Brian Cade, PhD
Dr. Cade is a research statistician with the USGS Fort Collins Science Center, where he has provided statistical and ecological expertise on a variety of studies of organism/environmental relationships for the past 29 years. The focus of Brian’s statistical research is on procedures that require minimal assumptions, yet maximize information obtained from heterogeneous data distributions. He has B.S. (1977) and M.S. (1985) degrees in Wildlife Biology and a PhD (2003) in Ecology from Colorado State University. His formative years of ecological research were spent investigating peregrine falcons in Alaska and ruffed and blue grouse habitat selection in Idaho and Colorado. His M.S. thesis conducted in collaboration with the Colorado Division of Wildlife investigated winter habitat selection and seasonal migration of blue grouse. Brian is an avid fly fisherman, bird hunter, backpacker, and mountain climber, always willing to push a little more to see what’s over the next ridge. He is married to Amy and they have two grown children, Jessica and Sam.</p>
Hoffman, R. W., and B. S. Cade. 1982. Occurrence of sage grouse above treeline. Colorado Field Ornithology Journal 16: 22-31.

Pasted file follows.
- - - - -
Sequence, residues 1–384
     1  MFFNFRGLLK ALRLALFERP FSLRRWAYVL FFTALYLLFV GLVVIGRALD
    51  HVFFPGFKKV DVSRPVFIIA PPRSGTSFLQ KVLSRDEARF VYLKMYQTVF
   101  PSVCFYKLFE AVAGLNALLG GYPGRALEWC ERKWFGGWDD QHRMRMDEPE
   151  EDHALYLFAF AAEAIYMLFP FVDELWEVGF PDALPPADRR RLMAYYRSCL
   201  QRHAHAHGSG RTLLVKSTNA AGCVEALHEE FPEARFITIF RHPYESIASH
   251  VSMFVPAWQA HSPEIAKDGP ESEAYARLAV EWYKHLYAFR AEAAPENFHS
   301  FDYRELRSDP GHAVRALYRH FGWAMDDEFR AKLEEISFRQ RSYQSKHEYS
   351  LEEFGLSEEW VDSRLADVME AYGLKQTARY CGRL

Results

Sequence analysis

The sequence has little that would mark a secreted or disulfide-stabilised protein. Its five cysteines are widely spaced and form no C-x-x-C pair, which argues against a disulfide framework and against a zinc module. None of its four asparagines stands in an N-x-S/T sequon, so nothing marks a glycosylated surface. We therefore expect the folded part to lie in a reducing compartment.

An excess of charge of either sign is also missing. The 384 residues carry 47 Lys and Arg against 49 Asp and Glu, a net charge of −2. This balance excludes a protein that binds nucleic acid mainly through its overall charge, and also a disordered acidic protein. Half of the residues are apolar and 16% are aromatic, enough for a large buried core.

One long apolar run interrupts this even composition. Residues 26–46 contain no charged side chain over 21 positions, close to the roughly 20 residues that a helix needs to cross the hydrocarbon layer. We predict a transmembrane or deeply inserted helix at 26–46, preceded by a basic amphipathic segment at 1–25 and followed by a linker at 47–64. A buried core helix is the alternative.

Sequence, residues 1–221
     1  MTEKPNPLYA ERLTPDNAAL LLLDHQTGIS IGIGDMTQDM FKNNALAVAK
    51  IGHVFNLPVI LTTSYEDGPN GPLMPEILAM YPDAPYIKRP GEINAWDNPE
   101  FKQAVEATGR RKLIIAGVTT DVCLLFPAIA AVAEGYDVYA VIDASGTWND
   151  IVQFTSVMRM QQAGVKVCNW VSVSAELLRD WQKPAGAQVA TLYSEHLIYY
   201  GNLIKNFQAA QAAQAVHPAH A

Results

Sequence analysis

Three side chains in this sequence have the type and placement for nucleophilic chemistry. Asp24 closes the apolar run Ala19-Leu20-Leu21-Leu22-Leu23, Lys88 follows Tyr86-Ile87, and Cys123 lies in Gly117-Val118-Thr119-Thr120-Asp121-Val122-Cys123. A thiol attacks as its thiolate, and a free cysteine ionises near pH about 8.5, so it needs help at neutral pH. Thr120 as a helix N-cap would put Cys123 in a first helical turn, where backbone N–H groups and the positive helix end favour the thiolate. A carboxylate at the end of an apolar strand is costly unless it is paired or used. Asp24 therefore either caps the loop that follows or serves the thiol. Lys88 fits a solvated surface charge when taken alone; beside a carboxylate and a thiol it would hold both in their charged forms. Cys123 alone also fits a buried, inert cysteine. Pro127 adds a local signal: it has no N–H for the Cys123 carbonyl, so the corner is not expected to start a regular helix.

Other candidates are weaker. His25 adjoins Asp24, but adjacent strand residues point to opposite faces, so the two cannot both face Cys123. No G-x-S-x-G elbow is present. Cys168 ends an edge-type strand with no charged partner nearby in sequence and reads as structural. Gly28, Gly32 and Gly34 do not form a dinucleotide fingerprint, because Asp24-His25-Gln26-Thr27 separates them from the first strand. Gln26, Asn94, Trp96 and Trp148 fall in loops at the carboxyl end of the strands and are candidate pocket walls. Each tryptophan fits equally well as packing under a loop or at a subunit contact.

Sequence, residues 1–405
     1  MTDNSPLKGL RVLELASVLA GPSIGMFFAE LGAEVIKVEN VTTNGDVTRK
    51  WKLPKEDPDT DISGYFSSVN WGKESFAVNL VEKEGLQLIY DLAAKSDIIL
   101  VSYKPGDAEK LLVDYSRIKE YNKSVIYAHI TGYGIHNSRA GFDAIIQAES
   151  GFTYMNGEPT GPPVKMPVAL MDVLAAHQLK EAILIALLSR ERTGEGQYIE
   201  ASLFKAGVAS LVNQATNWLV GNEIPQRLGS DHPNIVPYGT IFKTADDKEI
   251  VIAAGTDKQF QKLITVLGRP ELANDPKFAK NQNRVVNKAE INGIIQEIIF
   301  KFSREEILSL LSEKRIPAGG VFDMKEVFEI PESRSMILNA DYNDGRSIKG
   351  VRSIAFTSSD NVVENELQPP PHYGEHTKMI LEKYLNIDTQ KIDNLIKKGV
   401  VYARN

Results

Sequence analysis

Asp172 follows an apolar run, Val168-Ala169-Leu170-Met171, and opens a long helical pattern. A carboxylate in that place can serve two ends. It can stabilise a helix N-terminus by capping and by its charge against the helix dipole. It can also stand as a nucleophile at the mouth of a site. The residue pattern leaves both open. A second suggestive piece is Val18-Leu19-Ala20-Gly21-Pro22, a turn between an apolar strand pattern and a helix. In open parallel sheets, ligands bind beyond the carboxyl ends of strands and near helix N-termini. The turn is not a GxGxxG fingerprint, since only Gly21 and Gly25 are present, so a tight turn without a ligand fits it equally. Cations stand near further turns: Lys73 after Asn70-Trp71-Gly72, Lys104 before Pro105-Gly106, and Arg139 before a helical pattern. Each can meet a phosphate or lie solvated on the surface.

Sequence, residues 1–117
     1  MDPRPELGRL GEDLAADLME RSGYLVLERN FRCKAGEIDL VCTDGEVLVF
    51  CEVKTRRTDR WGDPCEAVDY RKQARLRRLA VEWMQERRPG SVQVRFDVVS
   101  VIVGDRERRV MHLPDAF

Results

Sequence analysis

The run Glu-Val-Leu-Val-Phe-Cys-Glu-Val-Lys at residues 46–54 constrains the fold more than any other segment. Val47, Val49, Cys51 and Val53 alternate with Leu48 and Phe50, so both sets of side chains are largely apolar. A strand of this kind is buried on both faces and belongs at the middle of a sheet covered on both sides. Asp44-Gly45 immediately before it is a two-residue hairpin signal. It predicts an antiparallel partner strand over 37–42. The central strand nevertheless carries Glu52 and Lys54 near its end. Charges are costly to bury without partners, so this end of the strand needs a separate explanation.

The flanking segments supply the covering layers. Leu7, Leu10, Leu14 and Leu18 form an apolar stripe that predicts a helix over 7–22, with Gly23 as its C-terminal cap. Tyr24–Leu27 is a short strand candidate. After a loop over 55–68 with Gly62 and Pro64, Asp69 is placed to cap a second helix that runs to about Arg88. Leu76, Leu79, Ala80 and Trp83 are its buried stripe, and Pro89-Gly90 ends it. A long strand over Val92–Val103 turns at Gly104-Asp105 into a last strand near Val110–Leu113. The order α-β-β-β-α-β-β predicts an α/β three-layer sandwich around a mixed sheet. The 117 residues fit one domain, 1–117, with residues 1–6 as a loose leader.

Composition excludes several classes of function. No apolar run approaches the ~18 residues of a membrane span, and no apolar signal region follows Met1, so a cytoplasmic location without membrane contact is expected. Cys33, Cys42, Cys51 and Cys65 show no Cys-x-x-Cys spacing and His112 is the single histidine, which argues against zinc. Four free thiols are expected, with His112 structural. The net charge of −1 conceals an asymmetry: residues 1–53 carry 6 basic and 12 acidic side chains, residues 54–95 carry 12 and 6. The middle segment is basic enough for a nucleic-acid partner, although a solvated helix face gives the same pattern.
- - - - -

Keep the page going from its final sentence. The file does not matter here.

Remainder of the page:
Cade, B. S., and P. J. Sousa. 1985. Habitat suitability index models: Ruffed grouse. U. S. Fish Wildlife Service Biological Report 82(10.86). 31 pp.
Cade, B. S., and R. W. Hoffman. 1990. Winter use of Douglas-fir forests by blue grouse in Colorado. Journal of Wildlife Management 54: 471-479.
Cade, B. S., and R. W. Hoffman. 1993. Differential migration of blue grouse in Colorado. Auk 110: 70-77.
Allen, A. W., B. S. Cade, and M. W. Vandever. 2001. Effects of emergency haying on vegetative characteristics within selected conservation reserve program fields in the northern Great Plains. Journal of Soil and Water Conservation 56: 120-125.
Prose, B. L., B. S. Cade, and D. Hein. 2002. Nesting habitat of sharp-tailed grouse in the Nebraska Sandhills. The Prairie Naturalist 34(3/4): 85-105.
Cade, B.S., M. W. Vandever, A. W. Allen, and J.W. Terrell. 2005. Vegetation changes over 12 years in ungrazed and grazed Conservation Reserve Program grasslands in the Central and Southern Plains. Pages 106-119 in Allen, A.W., and Vandever, M.W., eds., The Conservation Reserve Program - Planting for the Future: Proceedings of a National Conference, June 6-9, 2004, Fort Collins, CO. U. S. Geological Survey, Biological Resources Discipline, Scientific Investigations Report 2005-5145, 248pp.
Aldridge, C.L., S.E. Hanser, S.E. Nielsen, M. Leu, B.S. Cade, D.J. Saher, and S.T. Knick. 2011. Detectability adjusted count models of songbird abundance. Pp 141-220 in Hanser, S.E., M. Leu, S.T. Knick, and C.L. Aldridge (editors). Sagebrush ecosystem conservation and management: Ecoregional assessment tools and models for the Wyoming Basins. Allen Press, Lawrence, KS.
Leu, M., S.E. Hanser, C.L. Aldridge, S. E. Nielsen, B.S. Cade, and S.T. Knick. 2011. A sampling and analytical approach to develop spatial distribution models for sagebrush-associated species. Pp 88-111 in Hanser, S.E., M. Leu, S.T. Knick, and C.L. Aldridge (editors). Sagebrush ecosystem conservation and management: Ecoregional assessment tools and models for the Wyoming Basins. Allen Press, Lawrence, KS.